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is a reality in every heart that loves the Saviour, though hindered much in outward manifestation, and often hindered by the very contrivances for giving it expression. It is more a matter of personal culture than of formal arrangement, of the inward spirit than of outward accommodations, and therefore is capable of being increased by whatever degree we grow into union with our Head and drink of the fulness of his love. There is no way of promoting Christian union so sure, so satisfactory, so scriptural,'as simply to realize its existence as the complement of personal union with Christ, and to cultivate the faculty of discerning the spirit of Christ, under whatever form, and even through the intricacies of perverse logic and bad theology. Said a venerable father of another Church, " Come and keep with me the holy days of my Church, to show the world that we are one." "Nay, father, I like not holy days5 but love all holy men; love you, for your life and works. We already show that we aie one in faith by observing the Lord's Supper, that commemorates his death, and the Lord's day, that commemorates his resurrection: let us show that we are one in spirit by speaking kindly one of another and helping one another, whether we pray freely or by book, and preach in English, German, or Choctaw." Union comes not through uniformity. "Where the Spirit of the Lord is there is liberty:'' but let brotherly love continue, till the world shall say, iS Behold, how these Christians love one another."

The grand resource of the Church against Rationalism lies in the Power of a Holy Life consecrated to the good of man in the love of God. The practical fruits of Christianity in the character of its professors and in society at large, are a permanent and an ever accumulating evidence of its divine origin and spirit. Men believe that which they see; and the test "By their fruits ye shall know them," is applicable to systems of faith as well as to personal professions of piety. Here Christianity ought to challenge comparison with any and all other systems; yea, it should rise above comparison, in the resplendence of holiness in its professors. This the Master himself enjoined. "Let your light so shine before men. that they may see your good works, and glorify your Father which is iu heaven." This too was the apostolic injection. "Dearly beloved, I beseech you, as strangers and pilgrims, abstain from fleshly lusts, which war against the soul; having your conversation honest among the Gentiles; that whereas they speak against you as evil doers, they may by your good works, which they shall behold, glorify God in the day of visitation; for so is the will of God, that with well-doing ye may put to silence the ignorance of foolish men." This was a great argument with the primitive advocates of Christianity. Because Christians refused to worship the gods of the pagans, they were accused of impiety. They answered by an appeal to their lives. Says Athenagoras, "among us you may find unlettered men, craftsmen, and old women, though tliey cannot by words bring defence to our religion, yet adorn it by their moral principles, for they study not fineness of words, but practice the solidity of virtue; when struck, they strike not again; they persecute not those who rob them; they are charitable to such as ask of them; and love their neighbors as themselves.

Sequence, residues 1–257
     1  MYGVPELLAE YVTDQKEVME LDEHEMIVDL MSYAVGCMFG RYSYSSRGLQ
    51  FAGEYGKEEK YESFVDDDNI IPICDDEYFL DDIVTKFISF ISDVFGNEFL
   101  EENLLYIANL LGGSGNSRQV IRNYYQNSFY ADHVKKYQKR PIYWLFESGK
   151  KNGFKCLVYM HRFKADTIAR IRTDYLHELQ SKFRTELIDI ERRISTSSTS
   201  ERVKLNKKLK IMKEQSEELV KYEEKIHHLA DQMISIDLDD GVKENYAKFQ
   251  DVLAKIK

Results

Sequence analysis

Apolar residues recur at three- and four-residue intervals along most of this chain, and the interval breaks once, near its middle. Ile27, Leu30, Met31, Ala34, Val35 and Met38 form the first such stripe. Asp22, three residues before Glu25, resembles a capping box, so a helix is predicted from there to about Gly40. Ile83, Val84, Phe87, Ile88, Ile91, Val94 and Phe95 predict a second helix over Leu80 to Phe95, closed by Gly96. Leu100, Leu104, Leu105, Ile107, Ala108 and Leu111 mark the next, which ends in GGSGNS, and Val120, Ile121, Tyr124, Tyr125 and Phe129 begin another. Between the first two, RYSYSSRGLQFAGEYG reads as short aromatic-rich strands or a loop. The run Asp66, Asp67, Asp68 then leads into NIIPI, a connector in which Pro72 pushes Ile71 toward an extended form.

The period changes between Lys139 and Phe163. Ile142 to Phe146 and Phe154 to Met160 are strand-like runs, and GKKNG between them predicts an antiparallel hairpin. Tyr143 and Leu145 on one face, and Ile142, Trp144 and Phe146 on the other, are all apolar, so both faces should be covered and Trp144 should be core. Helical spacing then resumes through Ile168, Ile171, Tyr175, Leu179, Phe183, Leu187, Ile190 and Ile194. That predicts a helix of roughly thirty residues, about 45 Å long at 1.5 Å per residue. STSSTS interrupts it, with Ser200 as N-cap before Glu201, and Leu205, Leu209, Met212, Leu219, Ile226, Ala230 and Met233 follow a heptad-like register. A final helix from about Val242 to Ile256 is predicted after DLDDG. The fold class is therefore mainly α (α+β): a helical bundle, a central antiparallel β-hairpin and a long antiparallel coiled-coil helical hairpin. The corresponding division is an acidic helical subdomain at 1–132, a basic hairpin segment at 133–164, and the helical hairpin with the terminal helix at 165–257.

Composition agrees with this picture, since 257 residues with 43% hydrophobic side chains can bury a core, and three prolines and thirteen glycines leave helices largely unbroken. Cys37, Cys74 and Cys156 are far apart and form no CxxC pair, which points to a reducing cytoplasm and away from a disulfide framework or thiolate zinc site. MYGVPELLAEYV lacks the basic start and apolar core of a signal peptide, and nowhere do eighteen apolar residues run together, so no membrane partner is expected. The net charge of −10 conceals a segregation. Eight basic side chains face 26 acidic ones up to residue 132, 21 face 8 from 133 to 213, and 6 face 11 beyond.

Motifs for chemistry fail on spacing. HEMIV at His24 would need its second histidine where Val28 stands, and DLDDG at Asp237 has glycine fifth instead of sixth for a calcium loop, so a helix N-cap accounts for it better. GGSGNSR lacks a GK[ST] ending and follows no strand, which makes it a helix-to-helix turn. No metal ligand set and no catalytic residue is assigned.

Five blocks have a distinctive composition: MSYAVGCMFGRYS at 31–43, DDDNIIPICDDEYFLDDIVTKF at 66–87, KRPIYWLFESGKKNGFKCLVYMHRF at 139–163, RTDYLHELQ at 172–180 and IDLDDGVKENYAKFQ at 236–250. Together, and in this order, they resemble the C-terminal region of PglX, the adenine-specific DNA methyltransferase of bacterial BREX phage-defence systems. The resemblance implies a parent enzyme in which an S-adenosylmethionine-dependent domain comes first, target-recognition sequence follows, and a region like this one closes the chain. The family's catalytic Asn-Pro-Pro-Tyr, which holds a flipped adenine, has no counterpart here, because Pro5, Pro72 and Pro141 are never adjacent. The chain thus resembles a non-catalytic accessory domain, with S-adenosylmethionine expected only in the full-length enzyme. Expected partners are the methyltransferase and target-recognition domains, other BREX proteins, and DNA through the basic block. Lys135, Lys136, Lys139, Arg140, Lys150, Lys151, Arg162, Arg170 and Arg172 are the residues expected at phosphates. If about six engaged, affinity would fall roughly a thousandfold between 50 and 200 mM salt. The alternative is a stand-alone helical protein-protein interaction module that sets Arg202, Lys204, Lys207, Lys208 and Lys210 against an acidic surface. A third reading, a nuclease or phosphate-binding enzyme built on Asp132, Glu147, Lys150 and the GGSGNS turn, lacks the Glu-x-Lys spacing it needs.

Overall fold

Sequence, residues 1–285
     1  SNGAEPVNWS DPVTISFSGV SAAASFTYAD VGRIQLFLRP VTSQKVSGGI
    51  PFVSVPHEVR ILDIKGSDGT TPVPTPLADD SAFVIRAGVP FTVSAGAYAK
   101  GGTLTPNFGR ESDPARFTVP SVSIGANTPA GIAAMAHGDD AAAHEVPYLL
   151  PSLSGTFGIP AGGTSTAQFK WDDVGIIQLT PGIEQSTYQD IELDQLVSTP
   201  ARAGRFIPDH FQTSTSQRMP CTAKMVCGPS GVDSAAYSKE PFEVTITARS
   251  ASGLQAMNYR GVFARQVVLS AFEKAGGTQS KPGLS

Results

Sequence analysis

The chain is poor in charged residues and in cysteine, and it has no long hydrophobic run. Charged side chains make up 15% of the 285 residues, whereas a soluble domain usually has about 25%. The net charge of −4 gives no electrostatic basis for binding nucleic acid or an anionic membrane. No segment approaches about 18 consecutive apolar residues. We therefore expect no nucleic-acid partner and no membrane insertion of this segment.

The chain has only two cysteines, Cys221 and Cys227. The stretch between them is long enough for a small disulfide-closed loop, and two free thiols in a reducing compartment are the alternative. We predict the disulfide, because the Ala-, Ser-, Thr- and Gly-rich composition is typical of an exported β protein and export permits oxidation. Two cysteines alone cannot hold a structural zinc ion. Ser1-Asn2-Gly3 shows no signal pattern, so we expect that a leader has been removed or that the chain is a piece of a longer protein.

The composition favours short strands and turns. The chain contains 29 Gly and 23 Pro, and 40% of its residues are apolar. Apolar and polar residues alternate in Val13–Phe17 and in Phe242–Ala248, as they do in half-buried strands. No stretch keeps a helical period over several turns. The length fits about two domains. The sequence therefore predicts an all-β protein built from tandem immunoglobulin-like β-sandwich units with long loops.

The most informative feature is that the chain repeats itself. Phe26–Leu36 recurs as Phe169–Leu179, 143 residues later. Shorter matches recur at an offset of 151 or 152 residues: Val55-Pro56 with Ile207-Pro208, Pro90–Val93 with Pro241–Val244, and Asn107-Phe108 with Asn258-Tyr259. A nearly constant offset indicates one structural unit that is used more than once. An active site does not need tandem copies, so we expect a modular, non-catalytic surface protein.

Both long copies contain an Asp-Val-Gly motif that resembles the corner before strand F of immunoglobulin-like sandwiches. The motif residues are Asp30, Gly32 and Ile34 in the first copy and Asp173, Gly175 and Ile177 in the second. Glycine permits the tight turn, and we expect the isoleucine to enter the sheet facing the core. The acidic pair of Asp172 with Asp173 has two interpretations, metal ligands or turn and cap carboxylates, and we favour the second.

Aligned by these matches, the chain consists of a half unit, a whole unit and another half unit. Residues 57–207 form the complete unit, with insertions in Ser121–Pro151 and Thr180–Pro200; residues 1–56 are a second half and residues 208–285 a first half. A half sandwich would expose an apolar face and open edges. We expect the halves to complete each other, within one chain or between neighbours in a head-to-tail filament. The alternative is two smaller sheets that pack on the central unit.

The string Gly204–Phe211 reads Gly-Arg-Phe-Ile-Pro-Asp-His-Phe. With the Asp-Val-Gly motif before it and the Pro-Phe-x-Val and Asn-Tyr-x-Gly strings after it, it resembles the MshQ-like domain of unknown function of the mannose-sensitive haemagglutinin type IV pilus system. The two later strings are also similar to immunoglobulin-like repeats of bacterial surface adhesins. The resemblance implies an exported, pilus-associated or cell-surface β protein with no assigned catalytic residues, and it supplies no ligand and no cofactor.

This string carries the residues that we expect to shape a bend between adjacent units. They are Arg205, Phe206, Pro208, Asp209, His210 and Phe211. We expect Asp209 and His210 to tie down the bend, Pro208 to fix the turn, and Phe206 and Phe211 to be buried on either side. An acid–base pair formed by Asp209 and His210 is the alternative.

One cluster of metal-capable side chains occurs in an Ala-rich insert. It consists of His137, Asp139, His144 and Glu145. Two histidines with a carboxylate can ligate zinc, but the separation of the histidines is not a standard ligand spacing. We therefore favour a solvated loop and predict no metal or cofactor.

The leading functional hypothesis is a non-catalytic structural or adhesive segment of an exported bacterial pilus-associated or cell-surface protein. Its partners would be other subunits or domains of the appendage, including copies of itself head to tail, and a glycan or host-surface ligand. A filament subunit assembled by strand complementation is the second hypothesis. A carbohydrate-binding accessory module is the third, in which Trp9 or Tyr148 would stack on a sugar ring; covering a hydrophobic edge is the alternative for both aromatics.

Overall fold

"Could we then exercise such purity of life, if we did not believe there was a God who presides over mankind? No, certainly; but being thoroughly convinced that we shall one day give an account of our lives and actions to the great Creator of us and of all the world, we choose such a gentle, meek, and generally despised method of life. Shall they who say of this life, 'Let us eat and drink, for to-morrow we die,' shall they be thought religious, and to have any regard for God? But we who despise this present life as of little and short value, and are led by this only, to know God and his Word, what the unity of the Son with the Father, and what the communion of the Father with the Son; what the Holy Ghost; what is the unity of these three; what the distinction of them who are one, the Spirit, the Son, and the Father; we who maintain that the life which succeeds this is greater than can be expressed in words, which is prepared for those who keep themselves unpolluted from all wickedness; we who have such a benevolence for all mankind as not only to love our friends but our enemies—shall we who are such, and lead such a life that we may escape a condemnation to come, be thought to live wickedly I"